The World Trade Organization published a new report that shows world trade is projected to “face strong headwinds” into 2020.
WTO economists expect merchandise trade volume growth to drop to 2.6% in 2019, down from 3% last year. The report said a rebound in global trade is possible if trade tensions dramatically ease.
The bearish forecast for 2019/2020 marks the second consecutive year that WTO economists revised their outlook and also follows similar warnings from the World Bank and the International Monetary Fund.
“It is increasingly urgent that we resolve tensions and focus on charting a positive path forward for global trade which responds to the real challenges in today’s economy – such as the technological revolution and the imperative of creating jobs and boosting development. WTO members are working to do this and are discussing ways to strengthen and safeguard the trading system. This is vital. If we forget the fundamental importance of the rules-based trading system we would risk weakening it, which would be a historic mistake with repercussions for jobs, growth and stability around the world,” Azevedo said.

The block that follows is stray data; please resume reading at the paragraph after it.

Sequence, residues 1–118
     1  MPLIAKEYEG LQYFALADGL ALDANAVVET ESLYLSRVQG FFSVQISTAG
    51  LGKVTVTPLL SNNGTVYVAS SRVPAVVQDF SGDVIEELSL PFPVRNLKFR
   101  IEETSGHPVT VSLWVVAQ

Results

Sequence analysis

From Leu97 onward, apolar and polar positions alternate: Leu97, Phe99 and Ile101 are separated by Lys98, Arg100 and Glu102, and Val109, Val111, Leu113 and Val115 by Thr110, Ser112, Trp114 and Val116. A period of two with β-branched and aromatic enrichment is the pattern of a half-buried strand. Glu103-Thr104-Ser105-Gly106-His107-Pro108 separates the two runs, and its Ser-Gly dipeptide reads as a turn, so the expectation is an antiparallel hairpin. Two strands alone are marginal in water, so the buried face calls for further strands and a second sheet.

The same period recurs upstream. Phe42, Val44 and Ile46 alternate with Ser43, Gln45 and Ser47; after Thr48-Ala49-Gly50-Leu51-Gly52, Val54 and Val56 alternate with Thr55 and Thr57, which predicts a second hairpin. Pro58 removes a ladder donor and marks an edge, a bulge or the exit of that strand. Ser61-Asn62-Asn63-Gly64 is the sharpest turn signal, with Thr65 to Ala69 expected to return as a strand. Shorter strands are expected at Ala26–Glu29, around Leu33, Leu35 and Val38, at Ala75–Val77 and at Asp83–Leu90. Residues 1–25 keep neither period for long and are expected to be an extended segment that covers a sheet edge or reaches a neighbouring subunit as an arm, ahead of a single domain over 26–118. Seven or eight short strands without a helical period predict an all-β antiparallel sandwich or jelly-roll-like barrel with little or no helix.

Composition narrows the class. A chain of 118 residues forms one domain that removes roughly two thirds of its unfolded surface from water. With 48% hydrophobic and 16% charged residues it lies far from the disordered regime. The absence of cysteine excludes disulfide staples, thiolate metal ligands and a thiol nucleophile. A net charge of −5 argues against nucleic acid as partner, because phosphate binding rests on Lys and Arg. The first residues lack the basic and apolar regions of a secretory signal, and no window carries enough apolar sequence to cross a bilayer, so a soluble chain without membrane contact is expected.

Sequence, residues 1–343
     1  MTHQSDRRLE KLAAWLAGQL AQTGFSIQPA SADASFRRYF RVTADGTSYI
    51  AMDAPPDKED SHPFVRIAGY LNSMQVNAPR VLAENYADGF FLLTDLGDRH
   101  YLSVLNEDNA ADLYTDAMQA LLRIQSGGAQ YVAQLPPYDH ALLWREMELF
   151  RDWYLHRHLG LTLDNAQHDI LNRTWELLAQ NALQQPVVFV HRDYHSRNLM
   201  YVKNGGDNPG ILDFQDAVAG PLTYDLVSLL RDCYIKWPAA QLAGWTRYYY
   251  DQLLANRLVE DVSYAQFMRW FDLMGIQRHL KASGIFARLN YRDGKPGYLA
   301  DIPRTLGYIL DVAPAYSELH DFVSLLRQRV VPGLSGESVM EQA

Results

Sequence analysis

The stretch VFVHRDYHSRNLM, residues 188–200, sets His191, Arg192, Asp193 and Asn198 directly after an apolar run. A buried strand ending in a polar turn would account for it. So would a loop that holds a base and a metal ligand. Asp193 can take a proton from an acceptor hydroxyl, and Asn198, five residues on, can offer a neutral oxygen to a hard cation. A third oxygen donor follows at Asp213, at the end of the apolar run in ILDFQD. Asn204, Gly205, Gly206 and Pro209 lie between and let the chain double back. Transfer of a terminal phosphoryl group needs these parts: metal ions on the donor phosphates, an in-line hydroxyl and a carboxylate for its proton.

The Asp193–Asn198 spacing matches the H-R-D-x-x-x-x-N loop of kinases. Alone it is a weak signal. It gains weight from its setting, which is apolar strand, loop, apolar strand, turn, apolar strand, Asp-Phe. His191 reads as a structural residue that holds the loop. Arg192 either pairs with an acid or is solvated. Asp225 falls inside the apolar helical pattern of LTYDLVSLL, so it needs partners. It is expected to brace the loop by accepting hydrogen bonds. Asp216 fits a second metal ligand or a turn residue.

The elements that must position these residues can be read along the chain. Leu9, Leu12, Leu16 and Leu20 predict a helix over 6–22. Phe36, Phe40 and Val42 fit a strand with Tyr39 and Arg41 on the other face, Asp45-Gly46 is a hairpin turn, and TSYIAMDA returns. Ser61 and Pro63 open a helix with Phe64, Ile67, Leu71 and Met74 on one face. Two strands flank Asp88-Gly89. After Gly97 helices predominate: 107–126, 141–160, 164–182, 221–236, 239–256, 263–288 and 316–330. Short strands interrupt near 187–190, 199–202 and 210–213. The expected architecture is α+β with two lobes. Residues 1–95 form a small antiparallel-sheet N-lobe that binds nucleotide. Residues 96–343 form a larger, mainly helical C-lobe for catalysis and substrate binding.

The report said current forecasts reflect downgraded GDP projections for North America, Europe, and Asia — mostly due to waning effects of fiscal stimulus by the Trump administration.
WTO economists noted a “phase-out” of monetary stimulus in Europe and a continuing economic transition of China’s economy from manufacturing to services.
The reported noted that trade growth severely waned in 2H18 by several factors, including several rounds of tariffs and retaliatory tariffs affecting hundreds of goods, an already slowing Chinese economy, volatility in financial markets, and tighter monetary conditions by Central Banks.
Forward-looking trade indicators turned negative in 1Q19, including WTO’s World Trade Outlook Indicator (WTOI). WTOI index dropped to 96.3, below its baseline value of 100, indicating that the global slowdown will persist for some time.
The sustained loss of trade momentum highlights the urgency of the Trump administration to reduce trade tensions, which together with the rise of nationalism and financial volatility could deepen the synchronized global slowdown well into 2020.